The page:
Pedal tissue: Rhabdomyositis, necrotizing, focally extensive with numerous protistal trophozoites and schizonts.Â
The contributor provides a good summary of Perkinsus olseni infections in mollusks.Â Conference participants discussed terminology for the life stages of these protists.Â The life cycle of Perkinsus olseni consists of trophozoite, hypnospore and zoospore stages.(1,6) Hypnospores (prezoosporangia) are dormant, thick-walled cells that develop into motile, flagellated zoospores in aerated seawater.Â Once ingested by the host, the zoospore develops into a non-motile, multi-nucleated single cell trophozoite.Â Under anaerobic conditions, such as occurs in necrotic tissue, the trophozoites develop the vegetative hypnospores.(1,6) Participants also discussed another Perkinsus species, P.Â marinus, which causes Dermo disease in oysters.Â Dermo is a significant cause of mortality in the Eastern oyster, Crassostrea virginica.(6)
Although this animal did not have abalone viral ganglioneuritis (AVG), participants discussed this disease as well.Â AVG is caused by a herpesvirus that affects only abalone; other mollusks appear to not be affected.Â Mortality rates in farmed abalone are up to 100%.Â The disease has been found to be slowly spreading in wild abalone along the Victorian (Australia) coast as well; however, the exact mortality rate in wild populations is uncertain.(2)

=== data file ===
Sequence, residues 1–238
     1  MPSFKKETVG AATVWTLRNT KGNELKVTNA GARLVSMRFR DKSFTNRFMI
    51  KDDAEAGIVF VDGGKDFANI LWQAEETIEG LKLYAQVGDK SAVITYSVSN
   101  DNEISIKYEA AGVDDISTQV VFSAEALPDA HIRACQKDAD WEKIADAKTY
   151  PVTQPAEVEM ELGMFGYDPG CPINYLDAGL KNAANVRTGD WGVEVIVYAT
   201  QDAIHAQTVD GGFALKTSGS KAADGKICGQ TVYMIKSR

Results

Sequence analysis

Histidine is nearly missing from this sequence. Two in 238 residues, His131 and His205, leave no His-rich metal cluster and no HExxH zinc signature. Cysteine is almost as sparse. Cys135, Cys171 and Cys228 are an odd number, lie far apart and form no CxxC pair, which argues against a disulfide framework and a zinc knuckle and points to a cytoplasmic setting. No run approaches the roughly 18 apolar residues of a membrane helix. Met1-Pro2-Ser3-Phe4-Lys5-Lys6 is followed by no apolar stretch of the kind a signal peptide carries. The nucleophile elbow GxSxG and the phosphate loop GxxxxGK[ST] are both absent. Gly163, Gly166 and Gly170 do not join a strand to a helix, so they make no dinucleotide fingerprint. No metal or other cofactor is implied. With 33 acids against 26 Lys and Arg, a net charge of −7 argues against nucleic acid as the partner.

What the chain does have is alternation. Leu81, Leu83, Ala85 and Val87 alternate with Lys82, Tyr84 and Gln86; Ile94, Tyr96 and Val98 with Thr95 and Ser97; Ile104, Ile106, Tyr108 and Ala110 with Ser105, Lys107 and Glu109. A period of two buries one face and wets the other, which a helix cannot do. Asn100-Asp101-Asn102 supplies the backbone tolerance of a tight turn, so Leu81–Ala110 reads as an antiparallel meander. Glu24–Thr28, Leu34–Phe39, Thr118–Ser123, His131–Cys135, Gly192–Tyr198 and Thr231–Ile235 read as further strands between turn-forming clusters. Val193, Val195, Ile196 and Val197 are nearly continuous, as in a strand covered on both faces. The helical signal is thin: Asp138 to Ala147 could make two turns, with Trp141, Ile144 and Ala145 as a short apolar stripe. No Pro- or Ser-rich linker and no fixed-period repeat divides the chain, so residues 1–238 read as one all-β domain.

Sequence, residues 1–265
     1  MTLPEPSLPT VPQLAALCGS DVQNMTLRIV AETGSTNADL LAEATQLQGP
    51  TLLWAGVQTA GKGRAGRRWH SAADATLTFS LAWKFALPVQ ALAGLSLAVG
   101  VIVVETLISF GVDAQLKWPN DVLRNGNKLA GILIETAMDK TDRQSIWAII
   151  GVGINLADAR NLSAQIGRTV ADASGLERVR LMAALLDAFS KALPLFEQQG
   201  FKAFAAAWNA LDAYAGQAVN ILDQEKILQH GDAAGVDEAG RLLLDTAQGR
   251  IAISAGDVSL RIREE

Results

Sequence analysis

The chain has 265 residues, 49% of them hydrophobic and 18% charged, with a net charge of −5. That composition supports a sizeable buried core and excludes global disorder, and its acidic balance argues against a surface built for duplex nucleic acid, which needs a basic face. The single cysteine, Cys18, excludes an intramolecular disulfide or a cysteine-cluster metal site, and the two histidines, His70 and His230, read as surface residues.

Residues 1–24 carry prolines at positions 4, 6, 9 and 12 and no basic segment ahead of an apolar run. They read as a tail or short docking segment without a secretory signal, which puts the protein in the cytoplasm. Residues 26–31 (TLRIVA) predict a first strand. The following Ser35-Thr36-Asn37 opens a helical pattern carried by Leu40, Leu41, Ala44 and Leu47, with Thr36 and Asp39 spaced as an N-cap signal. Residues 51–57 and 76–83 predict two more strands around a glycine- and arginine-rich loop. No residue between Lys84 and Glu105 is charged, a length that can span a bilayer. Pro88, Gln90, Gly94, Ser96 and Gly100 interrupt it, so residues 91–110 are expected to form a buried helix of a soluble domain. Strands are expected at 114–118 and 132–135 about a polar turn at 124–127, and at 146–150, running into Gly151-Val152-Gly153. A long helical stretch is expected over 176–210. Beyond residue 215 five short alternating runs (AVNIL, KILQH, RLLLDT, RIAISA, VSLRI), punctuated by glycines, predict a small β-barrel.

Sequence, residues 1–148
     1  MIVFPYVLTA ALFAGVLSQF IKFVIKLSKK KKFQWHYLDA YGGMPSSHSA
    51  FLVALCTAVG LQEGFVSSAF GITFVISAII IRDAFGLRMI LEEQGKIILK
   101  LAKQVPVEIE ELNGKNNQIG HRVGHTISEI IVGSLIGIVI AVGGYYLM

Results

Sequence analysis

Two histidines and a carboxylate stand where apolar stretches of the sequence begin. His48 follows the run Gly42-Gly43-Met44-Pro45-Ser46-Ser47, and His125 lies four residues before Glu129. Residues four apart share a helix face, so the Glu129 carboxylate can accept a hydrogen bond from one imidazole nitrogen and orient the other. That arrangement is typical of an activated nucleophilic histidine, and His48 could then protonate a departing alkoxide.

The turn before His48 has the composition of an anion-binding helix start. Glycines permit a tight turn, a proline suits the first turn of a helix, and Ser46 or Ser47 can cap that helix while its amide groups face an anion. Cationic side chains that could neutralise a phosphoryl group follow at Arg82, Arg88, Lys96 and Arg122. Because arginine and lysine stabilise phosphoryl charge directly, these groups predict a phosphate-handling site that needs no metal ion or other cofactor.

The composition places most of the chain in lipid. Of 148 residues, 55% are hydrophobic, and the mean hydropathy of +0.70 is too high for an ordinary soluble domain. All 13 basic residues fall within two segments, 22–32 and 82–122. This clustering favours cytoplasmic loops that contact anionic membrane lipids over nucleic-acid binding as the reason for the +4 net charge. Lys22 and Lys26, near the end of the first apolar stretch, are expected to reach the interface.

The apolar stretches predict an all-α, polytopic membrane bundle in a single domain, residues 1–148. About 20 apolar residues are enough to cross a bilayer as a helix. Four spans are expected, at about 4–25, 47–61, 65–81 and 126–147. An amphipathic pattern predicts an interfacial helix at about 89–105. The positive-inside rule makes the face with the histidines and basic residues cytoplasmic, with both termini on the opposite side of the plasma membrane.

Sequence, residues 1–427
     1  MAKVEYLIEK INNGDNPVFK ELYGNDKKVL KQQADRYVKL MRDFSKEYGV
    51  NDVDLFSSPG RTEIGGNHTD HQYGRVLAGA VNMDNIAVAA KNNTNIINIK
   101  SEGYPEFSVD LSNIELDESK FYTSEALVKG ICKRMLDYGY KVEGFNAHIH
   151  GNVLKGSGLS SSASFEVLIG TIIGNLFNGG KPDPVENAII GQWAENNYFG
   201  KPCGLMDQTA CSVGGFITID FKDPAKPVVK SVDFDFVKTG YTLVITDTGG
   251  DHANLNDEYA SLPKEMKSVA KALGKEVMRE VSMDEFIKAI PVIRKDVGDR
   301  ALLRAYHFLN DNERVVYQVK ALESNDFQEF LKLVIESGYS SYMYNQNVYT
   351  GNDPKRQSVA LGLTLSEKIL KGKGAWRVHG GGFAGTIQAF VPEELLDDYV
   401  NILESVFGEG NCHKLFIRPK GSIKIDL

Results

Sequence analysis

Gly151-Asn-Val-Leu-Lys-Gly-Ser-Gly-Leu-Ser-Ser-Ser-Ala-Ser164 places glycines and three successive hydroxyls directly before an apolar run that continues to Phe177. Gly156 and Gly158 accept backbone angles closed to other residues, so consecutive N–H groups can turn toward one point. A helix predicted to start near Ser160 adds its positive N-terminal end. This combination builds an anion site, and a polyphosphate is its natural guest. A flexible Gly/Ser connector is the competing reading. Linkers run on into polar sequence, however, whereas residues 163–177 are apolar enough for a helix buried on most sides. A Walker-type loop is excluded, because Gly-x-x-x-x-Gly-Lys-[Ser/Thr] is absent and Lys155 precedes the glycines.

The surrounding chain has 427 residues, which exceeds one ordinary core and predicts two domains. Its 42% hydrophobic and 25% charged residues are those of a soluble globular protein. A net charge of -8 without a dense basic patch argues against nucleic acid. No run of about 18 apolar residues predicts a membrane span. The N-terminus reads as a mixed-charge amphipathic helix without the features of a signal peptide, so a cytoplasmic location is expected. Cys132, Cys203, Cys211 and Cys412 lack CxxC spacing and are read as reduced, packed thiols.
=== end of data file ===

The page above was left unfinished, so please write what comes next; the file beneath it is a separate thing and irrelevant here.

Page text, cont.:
There was moderate slide variation, with some sections exhibiting more significant necrosis, and others showing cavitation of the pedal tissue.Â
1.Â Choi KS, Park KI.Â Review on the protozoan parasite Perkinsus olseni (Lester and Davis 1981) Infection in Asian Waters.Â In: Ishimatsu A, Lie HJ, eds.Â Coastal Environmental and Ecosystem Issues of the East China Sea.Â Terrapub and Nagasaki University; 2010.Â http://www.terrapub.co.jp/onlineproceedings/fs/nu/pdf/nu2010269.pdf. Accessed online 26 January 2013.Â
2.Â Corbeil S, McColl KA, Williams LM, et al.Â Abalone viral ganglioneuritis: establishment and use of an experimental immersion challenge system for the study of abalone herpes virus infections in Australian abalone.Â Virus Res.Â 2012;65(2):207-13.
3.Â Goggin, CL, Sewell KB, Lester RGJ.Â Cross-infection experiments with Australian Perkinsus species.Â Diseases of Aquatic Organisms. 1989:T:55-59.
4.Â Lester RJG, Hayward CJ.Â Control of Perkinsus Disease in Abalone.Â Final Report for FRDC Project no.Â 2005;2000/151.
5.Â O'Donoghue PJ, Phillips PH, Shepherd SA.Â Perkinsus (Protozoa: Apicomplexa) infections in abalone from South Australian waters.Â Transactions of the Royal Society of South Australia. 1991;115:77-82.
6.Â Petty D.Â Perkinsus infections in bivalve mollusks.Â University of Florida IFAS Extension.Â http://shellfish.ifas.ufl.edu/PDFs/Publications/Perkinsus%20Infections%20of%20Bivalve%20Molluscs.pdf. Accessed online 26 January 2013.Â